Dave Blottner, executive director at the Whitehorse Food Bank, said the food bank upped its services because of the pandemic. (John Tonin/Yukon News)

Dave Blottner, executive director at the Whitehorse Food Bank, said the food bank upped its services because of the pandemic. (John Tonin/Yukon News)

Food Bank sees Yukoners’ generosity firsthand

“Businesses didn’t know if they could stay open but they were calling us to make sure we were able to stay open.”

On May 12, Food Banks Canada released a COVID-19 impact report that encompassed all the provinces and territories. Throughout the pandemic, 4,751 communities were served, 34,274,242 pounds of food was donated, and $97,988,180 of financial support was raised.

Dave Blottner, executive director of the Whitehorse Food Bank, said he had mixed feelings when he saw the report.

“On one hand, it’s staggering how much aid was needed across Canada,” said Blottner. “It really speaks to how many people are food insecure across the country.

“On the other hand, there is some pride when you look at how generous Canadians were. It was a hard time for everyone. Canadians came out of the woodwork to make sure food banks could continue to operate and help those in need.”

Blottner said the Whitehorse Food Bank experienced that kindness firsthand.

“Businesses didn’t know if they could stay open but they were calling us to make sure we were able to stay open,” he said. “That generosity is something you don’t see many places.

“I’ve always been proud to be a Yukoner in that regard. We are a community that looks out for one another.”

Blottner said when the pandemic hit, the food bank had to up its services — magnifying food insecurity in the territory.

“We doubled the number of people we were serving and drastically expanded where we were serving as well,” said Blottner. “We started out COVID as the Whitehorse Food Bank and are now looking at being the Yukon Food Bank as we have been sending food to every community in the Yukon this past year.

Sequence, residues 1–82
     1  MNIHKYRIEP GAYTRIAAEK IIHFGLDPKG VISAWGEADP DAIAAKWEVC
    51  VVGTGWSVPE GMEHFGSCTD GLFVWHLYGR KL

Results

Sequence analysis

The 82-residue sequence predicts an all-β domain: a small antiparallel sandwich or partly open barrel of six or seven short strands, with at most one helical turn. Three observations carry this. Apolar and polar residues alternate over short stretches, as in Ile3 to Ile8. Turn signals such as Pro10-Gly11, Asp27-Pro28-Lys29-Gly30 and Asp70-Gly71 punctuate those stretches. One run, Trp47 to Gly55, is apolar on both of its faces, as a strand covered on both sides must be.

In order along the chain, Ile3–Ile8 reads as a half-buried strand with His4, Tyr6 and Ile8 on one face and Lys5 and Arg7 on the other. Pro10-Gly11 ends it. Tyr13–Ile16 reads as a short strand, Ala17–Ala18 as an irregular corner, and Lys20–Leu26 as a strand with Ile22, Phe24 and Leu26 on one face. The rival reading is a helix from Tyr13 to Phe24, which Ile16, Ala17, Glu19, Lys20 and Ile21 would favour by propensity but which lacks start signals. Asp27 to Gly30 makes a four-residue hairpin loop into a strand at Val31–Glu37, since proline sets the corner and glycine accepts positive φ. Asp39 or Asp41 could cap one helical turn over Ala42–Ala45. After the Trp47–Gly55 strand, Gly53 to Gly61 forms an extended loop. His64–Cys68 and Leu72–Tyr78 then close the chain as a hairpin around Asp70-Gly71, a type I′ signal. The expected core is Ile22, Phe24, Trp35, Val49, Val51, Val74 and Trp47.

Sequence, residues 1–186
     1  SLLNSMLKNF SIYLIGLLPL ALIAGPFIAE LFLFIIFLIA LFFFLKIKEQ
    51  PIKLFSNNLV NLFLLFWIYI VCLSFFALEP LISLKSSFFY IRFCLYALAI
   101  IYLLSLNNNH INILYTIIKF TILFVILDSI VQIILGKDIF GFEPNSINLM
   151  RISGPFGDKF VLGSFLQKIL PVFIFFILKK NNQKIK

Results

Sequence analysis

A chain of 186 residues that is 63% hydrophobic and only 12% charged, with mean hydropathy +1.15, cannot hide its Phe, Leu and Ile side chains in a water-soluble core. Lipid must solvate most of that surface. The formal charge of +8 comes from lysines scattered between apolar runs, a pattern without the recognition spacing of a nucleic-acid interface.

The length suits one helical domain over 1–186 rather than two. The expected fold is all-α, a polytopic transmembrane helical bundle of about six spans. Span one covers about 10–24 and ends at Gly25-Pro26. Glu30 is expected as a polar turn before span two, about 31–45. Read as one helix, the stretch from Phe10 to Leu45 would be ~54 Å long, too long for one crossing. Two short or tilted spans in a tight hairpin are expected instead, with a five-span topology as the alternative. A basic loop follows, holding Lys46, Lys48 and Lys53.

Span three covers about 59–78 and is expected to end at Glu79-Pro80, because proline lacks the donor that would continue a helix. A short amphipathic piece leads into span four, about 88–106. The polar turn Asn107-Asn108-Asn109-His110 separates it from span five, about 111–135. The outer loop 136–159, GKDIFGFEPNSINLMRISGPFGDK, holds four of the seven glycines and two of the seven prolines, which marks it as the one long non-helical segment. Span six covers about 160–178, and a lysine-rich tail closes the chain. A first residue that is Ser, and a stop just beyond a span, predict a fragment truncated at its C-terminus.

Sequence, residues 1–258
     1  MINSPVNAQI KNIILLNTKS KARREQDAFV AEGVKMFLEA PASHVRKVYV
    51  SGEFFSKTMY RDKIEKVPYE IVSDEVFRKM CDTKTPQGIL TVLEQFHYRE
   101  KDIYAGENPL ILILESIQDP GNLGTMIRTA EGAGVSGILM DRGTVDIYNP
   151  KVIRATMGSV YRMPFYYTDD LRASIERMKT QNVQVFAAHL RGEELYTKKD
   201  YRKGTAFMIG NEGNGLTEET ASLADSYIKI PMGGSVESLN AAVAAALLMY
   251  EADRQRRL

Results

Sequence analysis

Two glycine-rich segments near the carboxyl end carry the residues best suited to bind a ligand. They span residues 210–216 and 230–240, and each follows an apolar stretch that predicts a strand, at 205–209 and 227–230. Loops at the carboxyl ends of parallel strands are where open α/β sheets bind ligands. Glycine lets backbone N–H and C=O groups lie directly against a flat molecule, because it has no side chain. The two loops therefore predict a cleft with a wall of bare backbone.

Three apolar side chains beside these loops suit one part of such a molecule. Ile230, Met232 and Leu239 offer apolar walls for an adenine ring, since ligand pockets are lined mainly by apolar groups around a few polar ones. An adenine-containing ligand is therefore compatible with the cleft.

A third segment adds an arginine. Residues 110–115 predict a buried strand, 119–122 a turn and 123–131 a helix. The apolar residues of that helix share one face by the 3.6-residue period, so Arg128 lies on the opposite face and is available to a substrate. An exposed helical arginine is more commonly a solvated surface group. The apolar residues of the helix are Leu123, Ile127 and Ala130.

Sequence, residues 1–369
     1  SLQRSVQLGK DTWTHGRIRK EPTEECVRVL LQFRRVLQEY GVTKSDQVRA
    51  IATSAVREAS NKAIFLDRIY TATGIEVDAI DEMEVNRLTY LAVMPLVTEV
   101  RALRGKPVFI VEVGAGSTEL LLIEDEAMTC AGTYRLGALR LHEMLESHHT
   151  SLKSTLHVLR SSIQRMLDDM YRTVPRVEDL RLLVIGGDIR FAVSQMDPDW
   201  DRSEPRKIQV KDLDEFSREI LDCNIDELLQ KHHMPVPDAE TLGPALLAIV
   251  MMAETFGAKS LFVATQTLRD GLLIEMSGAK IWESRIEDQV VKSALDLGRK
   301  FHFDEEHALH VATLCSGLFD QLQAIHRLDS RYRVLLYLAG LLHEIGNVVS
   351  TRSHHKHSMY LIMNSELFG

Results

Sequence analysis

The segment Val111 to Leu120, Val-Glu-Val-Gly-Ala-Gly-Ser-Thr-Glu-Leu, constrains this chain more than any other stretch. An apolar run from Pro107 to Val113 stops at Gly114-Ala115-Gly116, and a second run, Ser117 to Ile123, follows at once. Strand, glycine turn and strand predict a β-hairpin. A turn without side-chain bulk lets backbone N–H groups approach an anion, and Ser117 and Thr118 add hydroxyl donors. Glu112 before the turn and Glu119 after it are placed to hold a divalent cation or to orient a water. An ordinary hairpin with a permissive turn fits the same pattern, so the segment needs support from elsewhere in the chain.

The pandemic, Blottner said, magnified the need for the food bank.

“We think that the pandemic really shined a light on the food insecurity that was already rampant across the Yukon,” said Blottner. “COVID was kind of the straw that broke the camel’s back.”

Even when things return to “normal” Blottner said the food bank will keep serving the communities.

“Right now we are working with a number of communities on what that looks like going forward,” said Blottner. “And also, how we can work with them to create ideas within their community that is going to work with their communities specifically. There is no one set answer.”

Blottner said that could mean communities establishing food hubs of their own.

“I think a lot of it is getting people in the same room talking to each other about the good ideas that are going on and then seeing what resources are available to help them achieve what their community needs,” said Blottner.

The ultimate goal of the food bank? To put themselves out of business.

“We want to make sure nobody is going hungry,” said Blottner. “At the end of the day, if anybody needs food we are going to be there to help them. Then if we can help build sustainable practices and make sure folks can get by that is great too.”

Blottner said the food bank is always looking for volunteers whether in Whitehorse or the communities. If a person can’t volunteer, he said “anything you can give, we will make sure it gets to the people who need it.”

Contact John Tonin at john.tonin@yukon-news.com

Food Bank

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